Singer/songwriter and multi-format innovator Casey James is set to release Strip It Down, a rich collection of blues and smoky soul that is a deeply personal reflection of the former “American Idol” finalist and Texas-born roots rocker, on June 9.

“All I want to do is play music,” James said. “Stripping it back to just me making a record of music that I love was a huge stepping stone in my life.”

James will celebrate the release with a performance Friday, June 9 at City Winery in Nashville. During the event, City Winery will be selling custom bottles of wine with a portion of the proceeds going to the HART Fund, which is part of the Blues Foundation’s philanthropic initiatives.

Last night, “Bulletproof,” a raucous bit of Texas roadhouse swagger featuring a raspy Delbert McClinton, premiered during the Blues Report, the new music show on Sirius XM Radio.

James is familiar to many as a finalist on season 9 of “American Idol,” and familiar to still more as a country artist who notched a Top 15 single with “Crying On A Suitcase.” But in Strip It Down, James comes into his own by following a simple plan: being himself.

It’s titled Strip It Down because that is exactly what he did. James collected 14 songs he’d written or co-written, holed up in a Nashville studio with a trim, crackerjack band and hammered out the bulk of the album in four days. He shed the layers of stylized bulk he’d been given in those previous public ventures to find the real artist underneath, a guy with a convincing, smoky vocal quality and a burning, lyrical skill with a guitar.

It’s the music he loves. Between his shrewd playing and exuberant singing, the influence of Tab Benoit, Doyle Bramhall II, and Freddie King are highly apparent in Strip It Down, which folds in a variety of styles, all connected directly to that blues base. The project opens with James coursing through the dramatic blues/rock of “All I Need.” From there, James easily traverses the spacious old-school R&B of “Different Kind Of Love,” the soulful “Supernatural,” the breezy, country swing of “Stupid Crazy,” and the gutbucket closer “Fight You For The Blues.”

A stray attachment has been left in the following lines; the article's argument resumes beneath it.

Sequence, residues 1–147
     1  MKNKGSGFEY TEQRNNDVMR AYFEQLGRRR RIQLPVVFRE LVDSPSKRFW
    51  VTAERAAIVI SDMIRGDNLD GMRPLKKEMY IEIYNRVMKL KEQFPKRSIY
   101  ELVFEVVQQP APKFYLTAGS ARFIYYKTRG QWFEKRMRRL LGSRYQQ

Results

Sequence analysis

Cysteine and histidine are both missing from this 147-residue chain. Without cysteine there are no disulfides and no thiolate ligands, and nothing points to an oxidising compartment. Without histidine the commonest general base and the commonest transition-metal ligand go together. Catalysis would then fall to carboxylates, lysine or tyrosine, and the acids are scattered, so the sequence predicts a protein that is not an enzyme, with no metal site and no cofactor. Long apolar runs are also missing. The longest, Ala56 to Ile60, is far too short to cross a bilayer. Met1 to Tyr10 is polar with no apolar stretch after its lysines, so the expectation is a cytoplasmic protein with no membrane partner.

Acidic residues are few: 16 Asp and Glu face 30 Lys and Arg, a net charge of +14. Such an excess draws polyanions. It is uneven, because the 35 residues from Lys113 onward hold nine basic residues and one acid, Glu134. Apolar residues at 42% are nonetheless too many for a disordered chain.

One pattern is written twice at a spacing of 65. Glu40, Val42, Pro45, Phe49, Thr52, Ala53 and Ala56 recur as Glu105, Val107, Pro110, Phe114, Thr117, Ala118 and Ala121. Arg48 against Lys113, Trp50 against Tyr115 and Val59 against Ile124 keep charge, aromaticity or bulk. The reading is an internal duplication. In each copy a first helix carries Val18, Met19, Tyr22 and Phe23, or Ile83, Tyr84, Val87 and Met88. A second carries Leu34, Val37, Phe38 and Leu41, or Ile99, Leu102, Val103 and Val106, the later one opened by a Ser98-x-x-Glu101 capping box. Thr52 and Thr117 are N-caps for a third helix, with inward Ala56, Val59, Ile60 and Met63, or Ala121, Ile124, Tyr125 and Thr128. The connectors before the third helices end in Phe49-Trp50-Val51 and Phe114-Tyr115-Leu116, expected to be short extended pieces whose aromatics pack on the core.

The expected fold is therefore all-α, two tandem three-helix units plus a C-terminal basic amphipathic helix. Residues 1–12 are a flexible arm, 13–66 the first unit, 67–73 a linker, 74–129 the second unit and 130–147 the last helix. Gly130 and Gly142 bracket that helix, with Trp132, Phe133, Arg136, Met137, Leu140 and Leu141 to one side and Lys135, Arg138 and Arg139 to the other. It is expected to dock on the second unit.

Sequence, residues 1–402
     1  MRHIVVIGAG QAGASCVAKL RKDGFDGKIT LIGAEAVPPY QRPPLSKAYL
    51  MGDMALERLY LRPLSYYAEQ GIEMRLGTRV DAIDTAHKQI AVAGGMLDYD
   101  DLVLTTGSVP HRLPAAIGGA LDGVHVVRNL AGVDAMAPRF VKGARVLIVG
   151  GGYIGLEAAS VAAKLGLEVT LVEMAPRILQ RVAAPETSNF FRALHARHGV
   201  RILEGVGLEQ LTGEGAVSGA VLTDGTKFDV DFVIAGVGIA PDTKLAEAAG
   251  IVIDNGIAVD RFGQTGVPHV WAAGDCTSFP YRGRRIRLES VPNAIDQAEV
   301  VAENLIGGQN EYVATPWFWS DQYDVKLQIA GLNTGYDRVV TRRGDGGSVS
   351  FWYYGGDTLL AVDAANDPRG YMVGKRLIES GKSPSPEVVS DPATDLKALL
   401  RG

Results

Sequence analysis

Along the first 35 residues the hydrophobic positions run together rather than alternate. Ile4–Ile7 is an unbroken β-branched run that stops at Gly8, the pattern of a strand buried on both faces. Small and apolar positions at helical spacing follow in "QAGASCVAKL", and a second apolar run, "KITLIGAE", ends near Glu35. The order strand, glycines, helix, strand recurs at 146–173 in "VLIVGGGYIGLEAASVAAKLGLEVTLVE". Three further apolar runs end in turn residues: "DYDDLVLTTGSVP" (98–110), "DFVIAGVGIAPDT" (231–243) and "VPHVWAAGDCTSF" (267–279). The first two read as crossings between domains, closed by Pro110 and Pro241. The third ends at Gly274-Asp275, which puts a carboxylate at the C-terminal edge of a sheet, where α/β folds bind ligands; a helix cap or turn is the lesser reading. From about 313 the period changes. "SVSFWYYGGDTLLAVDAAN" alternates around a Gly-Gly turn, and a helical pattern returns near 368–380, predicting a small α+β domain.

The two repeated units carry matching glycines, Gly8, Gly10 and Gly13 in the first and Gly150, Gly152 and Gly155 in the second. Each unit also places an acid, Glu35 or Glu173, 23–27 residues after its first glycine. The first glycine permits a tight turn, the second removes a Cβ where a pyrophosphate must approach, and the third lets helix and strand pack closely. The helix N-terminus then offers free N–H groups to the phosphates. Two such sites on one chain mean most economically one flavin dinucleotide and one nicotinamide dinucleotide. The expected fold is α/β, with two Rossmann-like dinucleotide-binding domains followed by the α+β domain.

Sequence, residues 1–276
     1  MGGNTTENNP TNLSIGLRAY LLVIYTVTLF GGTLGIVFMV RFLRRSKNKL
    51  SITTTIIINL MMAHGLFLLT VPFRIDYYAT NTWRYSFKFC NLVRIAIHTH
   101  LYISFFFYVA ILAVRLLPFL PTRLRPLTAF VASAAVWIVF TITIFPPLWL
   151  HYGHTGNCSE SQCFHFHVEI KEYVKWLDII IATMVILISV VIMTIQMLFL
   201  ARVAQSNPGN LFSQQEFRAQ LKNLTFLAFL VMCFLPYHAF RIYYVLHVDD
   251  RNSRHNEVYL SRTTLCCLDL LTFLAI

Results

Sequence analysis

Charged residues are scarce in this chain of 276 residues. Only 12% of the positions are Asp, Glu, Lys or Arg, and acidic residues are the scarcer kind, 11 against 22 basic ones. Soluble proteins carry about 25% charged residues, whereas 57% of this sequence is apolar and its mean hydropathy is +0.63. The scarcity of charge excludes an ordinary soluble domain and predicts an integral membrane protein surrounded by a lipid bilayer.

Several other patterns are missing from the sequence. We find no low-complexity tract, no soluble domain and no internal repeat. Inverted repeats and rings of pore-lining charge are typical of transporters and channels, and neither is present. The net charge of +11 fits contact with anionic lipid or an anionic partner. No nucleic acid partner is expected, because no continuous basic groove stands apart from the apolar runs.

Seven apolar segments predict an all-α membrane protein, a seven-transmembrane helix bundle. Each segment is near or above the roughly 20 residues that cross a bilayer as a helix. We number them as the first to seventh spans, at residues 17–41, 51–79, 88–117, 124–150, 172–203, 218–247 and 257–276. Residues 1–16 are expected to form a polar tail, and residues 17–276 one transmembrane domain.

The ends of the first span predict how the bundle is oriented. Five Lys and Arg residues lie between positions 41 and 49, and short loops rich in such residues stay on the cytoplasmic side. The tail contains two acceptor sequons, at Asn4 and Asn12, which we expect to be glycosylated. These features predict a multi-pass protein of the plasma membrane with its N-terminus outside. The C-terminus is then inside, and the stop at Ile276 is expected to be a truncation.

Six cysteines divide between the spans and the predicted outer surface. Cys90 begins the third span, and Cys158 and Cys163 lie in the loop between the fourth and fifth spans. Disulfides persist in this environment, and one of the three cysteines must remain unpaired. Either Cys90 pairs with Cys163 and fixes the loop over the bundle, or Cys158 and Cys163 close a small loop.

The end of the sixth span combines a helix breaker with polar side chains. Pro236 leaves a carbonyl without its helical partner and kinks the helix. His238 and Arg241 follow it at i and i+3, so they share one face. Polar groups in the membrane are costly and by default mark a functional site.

He delivers it all with a commanding presence, a rebuilt confidence that comes from doing what he does naturally, and doing it well. “This record was a healing thing for me,” James says, “because this is who I am. It’s what I’ve always wanted to do.”

James found a gifted collaborator in Tom Hambridge, a drummer, songwriter and producer whose work he’d long admired. Hambridge had a hand in albums by Buddy Guy, Foghat, Keb’ Mo’ and Susan Tedeschi, and his grounding in the blues and roots music was spot on for where James wanted to go as an artist.

In their first co-writing session, James and Hambridge penned the bristling acknowledgement of sufficiency, “All I Need,” which eventually became the opening track. Two weeks later, they reconvened and authored “Killin’ Myself,” a snarling rocker that loosely encapsulates the roughest emotions from James’ experience with the music business. Writing lead to Hambridge developing a strong vision for the project. He enlisted guitarists Pat Buchanan and Rob McNelley to back James up on guitar, bass player Tommy McDonald, and keyboard player Kevin McKendree. They captured Strip It All Down mostly live in the studio, James singing and playing with the band and nailing most of the songs in three takes or less.

James funded it all through a one-month Kickstarter campaign, asking his fans to invest in the next step on his musical journey. They came through in a big way, delivering more than double his original goal. It served as a reminder that even when his path had taken him down difficult roads, he’d made a strong connection with an audience that understood his creative ambitions.

Strip It Down sounds distinctly different from the work he did in his previous recording deal. And it’s much more forceful than the artist America first saw on Idol. Although those stages were important steps in James defining himself – recognizing the music that brought him joy and accepting the talents that make him able to deliver it.

“I always thought of myself as a guitar player that can sing, but I realize now that that’s not the case – I feel as confident and comfortable with my vocals these days as I do with my playing,” he says. “My perception of who I am has changed.”

Upcoming Tour Dates:
June 9 – Nashville, TN – City Winery; Official Album Release Party
June 16 – Eldon, MO – Shawnee Bluff Winery & Vineyards
June 17 – Bluffton, IN – Kehoe Park
June 29 – Batesville, IN – Bacon Blues and Brew Music and Arts Festival
Aug. 26 – Le Roy, NY – Jam at the Ridge
Sept. 9 – Castlewood, VA – Russell County Fair and Horse Show

For more information and a complete list of tour dates, visit